Alexandra King plays the title character, who refuses to compromise on the burial of her brother, Polynices. She isn't afraid to tell others exactly what she thinks, whether by insulting her sister Ismene (played by Ava McCoy) or spitting into the face of her uncle, King Creon.

In many ways, Creon is the protagonist of the play, not Antigone. Ty Jones (the company's founder who also played the title role in CTH's production of Macbeth in 2016) plays Creon with a fitting stateliness. We believe his growing rage both when he speaks to Antigone, and when he addresses his own son Haemon (played by Avon Haughton), who timidly tries to get his father to change his mind.

Though CTH does not credit an adaptor or translator, their website claims the piece was inspired by the adaptation by Paul Roche. Occasionally, the production introduces anachronisms, including some rather hysterical references to contemporary Harlem, but for the most part it sticks close to the original. One exception is that Creon's wife Eurydice (played by Adaku Okpi) has a slightly expanded role. This was a welcome change, given the gravitas Okpi brought to each of her scenes, and I would have liked to have seen even more of her.

It's great to see Greek drama performed outdoors the way it was intended, so come out to the Richard Rogers Amphitheater where the show is playing for free until July 30th.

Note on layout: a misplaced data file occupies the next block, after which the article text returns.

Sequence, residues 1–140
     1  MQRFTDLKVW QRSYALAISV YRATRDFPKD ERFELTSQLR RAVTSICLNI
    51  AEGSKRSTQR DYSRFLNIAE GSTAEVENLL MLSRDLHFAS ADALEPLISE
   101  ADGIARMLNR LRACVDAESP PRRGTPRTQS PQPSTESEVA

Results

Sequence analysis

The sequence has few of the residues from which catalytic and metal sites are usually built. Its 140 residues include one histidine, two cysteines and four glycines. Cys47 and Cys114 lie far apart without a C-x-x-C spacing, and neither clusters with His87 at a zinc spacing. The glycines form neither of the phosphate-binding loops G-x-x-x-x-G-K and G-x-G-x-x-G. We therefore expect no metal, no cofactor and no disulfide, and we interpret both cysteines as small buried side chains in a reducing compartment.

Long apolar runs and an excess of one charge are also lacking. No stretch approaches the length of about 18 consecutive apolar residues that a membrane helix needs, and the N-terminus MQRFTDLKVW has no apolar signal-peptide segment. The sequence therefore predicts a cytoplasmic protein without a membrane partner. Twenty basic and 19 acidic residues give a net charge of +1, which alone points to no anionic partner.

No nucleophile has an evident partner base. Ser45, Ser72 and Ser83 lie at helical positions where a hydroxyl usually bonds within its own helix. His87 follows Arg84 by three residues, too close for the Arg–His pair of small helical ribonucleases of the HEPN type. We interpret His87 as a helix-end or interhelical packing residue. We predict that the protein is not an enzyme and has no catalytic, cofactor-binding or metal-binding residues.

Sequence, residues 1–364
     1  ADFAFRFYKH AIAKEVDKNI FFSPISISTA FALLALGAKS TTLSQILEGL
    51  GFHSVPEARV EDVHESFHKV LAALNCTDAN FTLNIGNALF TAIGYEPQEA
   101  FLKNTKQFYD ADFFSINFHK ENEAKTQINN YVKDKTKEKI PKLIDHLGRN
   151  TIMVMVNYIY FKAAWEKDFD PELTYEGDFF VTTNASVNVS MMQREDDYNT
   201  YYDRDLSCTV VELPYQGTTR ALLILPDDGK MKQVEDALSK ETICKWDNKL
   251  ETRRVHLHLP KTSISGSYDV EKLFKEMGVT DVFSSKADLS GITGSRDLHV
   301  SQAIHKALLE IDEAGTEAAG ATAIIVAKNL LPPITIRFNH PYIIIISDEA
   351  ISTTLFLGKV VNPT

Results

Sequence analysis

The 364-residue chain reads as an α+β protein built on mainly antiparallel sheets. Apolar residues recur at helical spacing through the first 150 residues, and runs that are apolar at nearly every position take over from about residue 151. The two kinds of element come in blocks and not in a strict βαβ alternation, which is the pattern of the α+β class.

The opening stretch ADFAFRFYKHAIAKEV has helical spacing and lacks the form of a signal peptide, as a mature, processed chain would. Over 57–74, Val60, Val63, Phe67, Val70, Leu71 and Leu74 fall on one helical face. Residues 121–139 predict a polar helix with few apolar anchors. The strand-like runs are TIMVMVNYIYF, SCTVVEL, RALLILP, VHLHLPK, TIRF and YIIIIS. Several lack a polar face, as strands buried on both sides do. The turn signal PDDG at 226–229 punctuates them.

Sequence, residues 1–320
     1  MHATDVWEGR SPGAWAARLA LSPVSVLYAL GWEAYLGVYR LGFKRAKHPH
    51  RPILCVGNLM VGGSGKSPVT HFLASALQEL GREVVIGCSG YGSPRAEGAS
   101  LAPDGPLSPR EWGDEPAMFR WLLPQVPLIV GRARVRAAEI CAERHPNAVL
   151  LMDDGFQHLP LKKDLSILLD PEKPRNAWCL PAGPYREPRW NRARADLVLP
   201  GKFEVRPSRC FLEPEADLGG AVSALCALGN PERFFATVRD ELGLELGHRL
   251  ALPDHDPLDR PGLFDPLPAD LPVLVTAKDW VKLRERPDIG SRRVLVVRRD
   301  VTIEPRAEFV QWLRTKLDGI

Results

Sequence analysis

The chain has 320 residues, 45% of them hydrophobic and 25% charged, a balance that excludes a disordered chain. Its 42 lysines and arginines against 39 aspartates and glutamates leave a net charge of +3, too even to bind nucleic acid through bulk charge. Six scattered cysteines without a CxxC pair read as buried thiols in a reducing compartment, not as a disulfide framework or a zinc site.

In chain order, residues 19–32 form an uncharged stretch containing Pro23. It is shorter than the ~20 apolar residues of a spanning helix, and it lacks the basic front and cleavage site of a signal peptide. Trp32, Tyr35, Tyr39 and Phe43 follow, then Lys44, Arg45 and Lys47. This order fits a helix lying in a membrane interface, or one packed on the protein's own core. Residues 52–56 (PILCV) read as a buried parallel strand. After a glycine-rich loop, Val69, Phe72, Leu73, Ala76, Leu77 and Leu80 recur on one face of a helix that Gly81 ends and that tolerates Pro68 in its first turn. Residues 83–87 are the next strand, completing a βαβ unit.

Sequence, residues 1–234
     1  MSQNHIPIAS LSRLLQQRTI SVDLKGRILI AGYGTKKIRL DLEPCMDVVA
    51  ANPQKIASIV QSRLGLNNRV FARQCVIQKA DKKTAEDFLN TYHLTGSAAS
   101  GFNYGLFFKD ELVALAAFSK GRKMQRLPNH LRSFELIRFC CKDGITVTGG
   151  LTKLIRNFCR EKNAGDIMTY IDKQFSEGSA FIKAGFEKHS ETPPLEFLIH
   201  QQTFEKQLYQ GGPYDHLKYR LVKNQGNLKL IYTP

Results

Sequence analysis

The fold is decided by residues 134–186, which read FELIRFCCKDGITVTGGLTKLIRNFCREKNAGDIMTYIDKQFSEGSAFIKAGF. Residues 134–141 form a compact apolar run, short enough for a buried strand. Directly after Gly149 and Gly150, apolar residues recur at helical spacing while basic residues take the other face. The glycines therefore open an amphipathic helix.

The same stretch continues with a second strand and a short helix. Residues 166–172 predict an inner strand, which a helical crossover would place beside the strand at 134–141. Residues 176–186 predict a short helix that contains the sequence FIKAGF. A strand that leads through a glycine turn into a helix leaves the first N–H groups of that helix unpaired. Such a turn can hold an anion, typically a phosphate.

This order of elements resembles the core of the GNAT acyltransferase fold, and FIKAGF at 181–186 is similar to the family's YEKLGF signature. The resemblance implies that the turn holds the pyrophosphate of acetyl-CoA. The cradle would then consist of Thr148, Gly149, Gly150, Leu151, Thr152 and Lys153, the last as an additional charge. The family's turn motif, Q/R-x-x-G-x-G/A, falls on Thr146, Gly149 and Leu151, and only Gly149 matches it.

Wednesday, July 4, 2018


Last night I saw Sam Kahn's new play Chatter at The Tank. The Tank now resides in the space that formerly housed the Abingdon Theatre Company, an institution whose fall has been a major blow to the New York theatre scene.

Of course, a shell of a company still calls itself the Abingdon and occasionally performs around the city in other spaces, but it's only a shadow of what it used to be. The Tank, with its grey walls, is not a theatre company per se, but a space in which artists can come together and present their own work. The heart that once beat in that space is gone, which is why it's fitting that Chatter deals so much with the struggle to find something authentic in our hyper-mediated world.

Once upon a time, off-off-Broadway was filled with tiny theatre companies that inhabited holes in the walls. These were dank caverns you entered through metal doors covered with fliers before climbing several flights of stairs until you found the obscure, un-air-conditioned black box where you sat on uncomfortable seats and watched shows performed on shoe-string budgets that still managed to somehow change your life. The doors to The Tank are polished glass now, without a cheap flier to be seen, and visitors are politely asked not to take the stairs, but rather ride in a comfy elevator. With all this convenience of modern-day New York, have we lost something?